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African dust blows across the Atlantic
This page contains archived content and is no longer being updated. At the time of publication, it represented the best available science. However, more recent observations and studies may have rendered some content obsolete.
On January 10, 2005, the Moderate Resolution Imaging Spectroradiometer (MODIS) on NASA’s Terra satellite captured this series of images of a massive dust storm blowing out of Africa’s Sahara Desert. Thick clouds of tan dust blanket most of the western coast of Africa and blow over the Atlantic Ocean toward the Caribbean Sea and the Gulf of Mexico. A thinner veil of dust in the upper left corner of the image suggests that the dust already extends farther west than the regions shown here. At bottom left corner is northeastern South America.
As the Terra satellite circles the globe from north to south, MODIS collects images in long bands, or swaths, that are approximately 2,300 kilometers wide. This image is made from parts of three consecutive swaths, with grey bands filling in the regions between the swaths. Terra’s orbit progresses from east to west, so the swath at far right was collected first, and the swath at far left was collected last.
The storm is originating in the Bodele Depression, northeast of Lake Chad, where bright white bands of dust brush toward the west. To the south, red dots mark the locations of thousands of agricultural fires, which may be contributing to the haze.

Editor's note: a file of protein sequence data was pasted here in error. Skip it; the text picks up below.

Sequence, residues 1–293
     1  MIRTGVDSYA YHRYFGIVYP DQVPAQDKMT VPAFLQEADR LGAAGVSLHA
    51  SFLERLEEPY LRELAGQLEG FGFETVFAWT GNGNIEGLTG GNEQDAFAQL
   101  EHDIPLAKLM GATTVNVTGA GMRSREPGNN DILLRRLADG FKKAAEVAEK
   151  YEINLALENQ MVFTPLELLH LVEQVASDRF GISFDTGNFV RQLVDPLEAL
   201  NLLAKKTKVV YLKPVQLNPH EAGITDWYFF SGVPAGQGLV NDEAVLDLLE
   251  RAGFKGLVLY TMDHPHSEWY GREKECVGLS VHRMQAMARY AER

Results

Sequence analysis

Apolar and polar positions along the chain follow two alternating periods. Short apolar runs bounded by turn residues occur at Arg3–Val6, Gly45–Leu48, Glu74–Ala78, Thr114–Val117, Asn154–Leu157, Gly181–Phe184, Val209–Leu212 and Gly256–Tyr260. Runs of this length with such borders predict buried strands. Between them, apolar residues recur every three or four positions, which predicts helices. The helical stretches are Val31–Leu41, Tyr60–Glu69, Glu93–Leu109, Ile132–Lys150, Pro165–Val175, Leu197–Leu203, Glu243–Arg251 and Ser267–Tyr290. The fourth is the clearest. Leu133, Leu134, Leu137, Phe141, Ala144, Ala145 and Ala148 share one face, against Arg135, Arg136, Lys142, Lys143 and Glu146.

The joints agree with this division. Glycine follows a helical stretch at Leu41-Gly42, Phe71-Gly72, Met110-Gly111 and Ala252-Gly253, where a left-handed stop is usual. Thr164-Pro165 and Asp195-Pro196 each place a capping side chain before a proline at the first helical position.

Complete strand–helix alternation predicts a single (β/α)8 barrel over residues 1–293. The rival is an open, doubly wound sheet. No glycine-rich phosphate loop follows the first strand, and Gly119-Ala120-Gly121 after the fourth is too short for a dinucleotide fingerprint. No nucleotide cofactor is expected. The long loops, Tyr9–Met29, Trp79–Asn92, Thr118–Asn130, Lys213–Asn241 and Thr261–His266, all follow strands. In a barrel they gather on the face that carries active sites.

Large dust storms such as this one happen regularly, and a recent NASA study suggests that they may impact weather on the west side of the Atlantic by affecting the size and strength of thunderstorms and the amount of rain they produce. When Saharan dust is in the air over Florida, NASA researchers found that the tops of thunderstorm clouds—the anvils—are smaller in area, but better organized and thicker, affecting the amount of sunlight that reaches the ground. These cloud characteristics may have long-term climate impacts.
More immediately, the dust particles may decrease the amount of rain that falls during a thunderstorm. Dust acts as a landing point where water molecules collect to form cloud droplets, which coalesce to form rain. When dust is thick, water molecules have more places to gather, so clouds may contain large numbers of smaller cloud droplets instead of larger rain droplets. The result is drier thunderstorms. For more information, see Sahara Dust Affects Thunderstorm Behavior in Florida.
NASA image created by Jesse Allen, Earth Observatory, using data provided courtesy of the Goddard Land Processes DAAC.